Well last week we covered some of the basics of small commercial leases; this week we delve into negotiating the lease. Negotiating is without a doubt the key link in the leasing chain. The consequences of the negotiations are critical. Poor negotiating can lead to no agreement (lose-lose scenario), or one party having undue benefits and power over the other party (win-lose), or a great five year relationship for both parties (you got it, win-win).
Win-Win vs Win-Lose
I can't emphasize enough how many folks are still stuck in old, ineffective win-lose negotiating. So many go into negotiations to get the "best" deal they can for themselves at the expense of the other party, not understanding that especially in a lease scenario, this is the worst thing to do. Stop and think for a moment. You are negotiating a relationship with someone that is going to last at least five years and, with renewals, as long as twenty. How do you want that relationship to begin? How do you want it to develop? How you act now will set the stage for the next five years; trying to take advantage of someone doesn't go far in building trust.
Trying to get as much for yourself as you can with traditional win-lose negotiating may seem like the best thing to do, but usually isn't. The other side may not appreciate your negotiating and may spend the next five years returning the favour whenever the opportunity arises. With win-win negotiating, you still look out for your own interests, but look for opportunities to concede something to the other side if it helps you win something you need in return.
As an example, if you are the tenant and the landlord absolutely won't give you any free rent up front, maybe negotiate a larger tenant improvement allowance to help defray initial costs.
Know The Other Side
Have you ever watched the show Mantracker where an experienced tracker tries to find a couple of "prey" who are trying to get to an objective point miles away without being found? What does he say at the beginning of every show? "Know your land, know your prey".
The same applies in any negotiation process. Find out whatever you can about the other side. Search engines like Google are an amazing resource these days for researching people or companies.
Am I dealing with a large firm or a small "mom and pop"? Do they have more properties? If the other side is the landlord, maybe talk to a couple of their existing tenants, and view how they manage their buildings. If the other side is a tenant in other locations, go visit their sites and see how they maintain their lease space, maybe contact their landlords. Don't ever listen to anything someone said who knows somebody who rents from someone. That is not research; that is gossip.
If the other side is a large public company, your public library is likely to have loads of information on them including annual financial statements. If you have a stockbroker or online trading account, you can review more financial information about public companies.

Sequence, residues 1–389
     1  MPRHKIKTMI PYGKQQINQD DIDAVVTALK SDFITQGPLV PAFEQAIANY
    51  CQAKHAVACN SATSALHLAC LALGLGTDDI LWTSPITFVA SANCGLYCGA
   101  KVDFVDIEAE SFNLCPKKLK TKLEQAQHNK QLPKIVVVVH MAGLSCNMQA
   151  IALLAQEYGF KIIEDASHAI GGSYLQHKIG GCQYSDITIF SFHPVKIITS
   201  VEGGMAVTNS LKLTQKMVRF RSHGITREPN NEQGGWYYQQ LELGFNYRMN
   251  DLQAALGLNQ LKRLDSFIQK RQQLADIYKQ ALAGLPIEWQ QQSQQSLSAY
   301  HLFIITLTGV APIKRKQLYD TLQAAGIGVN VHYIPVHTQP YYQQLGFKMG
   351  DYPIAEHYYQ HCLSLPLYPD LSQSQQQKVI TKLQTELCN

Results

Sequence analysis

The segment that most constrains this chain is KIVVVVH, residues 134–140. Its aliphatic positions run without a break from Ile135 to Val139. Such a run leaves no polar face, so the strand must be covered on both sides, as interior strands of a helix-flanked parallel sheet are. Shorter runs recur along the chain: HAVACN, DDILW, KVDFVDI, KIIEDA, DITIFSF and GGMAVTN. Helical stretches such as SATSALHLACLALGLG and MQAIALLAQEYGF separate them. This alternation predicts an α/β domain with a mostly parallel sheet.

To negotiate a good lease, you will need varying degrees of assistance from a few professionals. Depending upon the size of the lease in question, you should have on hand a good agent, attorney, accountant, design and construction people, and your lender. Good leasing agents and lawyers will do their best to keep it professional and negotiate in a win-win manner. A good agent will be able to do what is called "Net Present Value" calculations to help you compare several different lease scenarios to determine which will cost you the least or make you the most. If your agent can't, your accountant should be able to. Design and construction people can give you an idea of whether or not your idea is do-able and how much it will cost. Of course, keeping your lender informed goes without saying.
Preparing to Negotiate
The two most important things to keep first and foremost in any negotiations are your goals/objectives and the other side's. Clearly knowing your objectives will help keep you on track when the negotiations start to take unexpected twists and turns. Knowing (or estimating) the other side's objectives help you to give meaningful concessions to help get more of what you want or need. There is no use in conceding something to the other side that doesn't help them achieve their goals, but conceding something that helps them meet their needs in return for something you need is the hallmark of good negotiating.
The next thing you need to determine is your walk-away point. You need to know in stone above or below which point you will not go. There is nothing more powerful when negotiations stall than an ultimatum that is not a bluff. Remember, ultimatums are not good negotiating, in fact they are usually more destructive than constructive, but when you are at your limit, a real ultimatum as opposed to a bluff send a clear message you will go no further.
Offering a bluff ultimatum is very risky; it may get you what you want but if they call your bluff you have just lost a lot of negotiating power.
Once you know the other side, goals and objectives and your walk-away point, you are ready to negotiate. Just negotiate in good faith, using the professionals mentioned above to assist you, remember win-win and you can’t go wrong. Well okay, it’s a bit more complicated than that. In our next installment next week we will discuss two important topics in more detail, lease costs and lease documents, so stay tuned for
Small Leases: Part 3 – Lease Costs and Lease Documents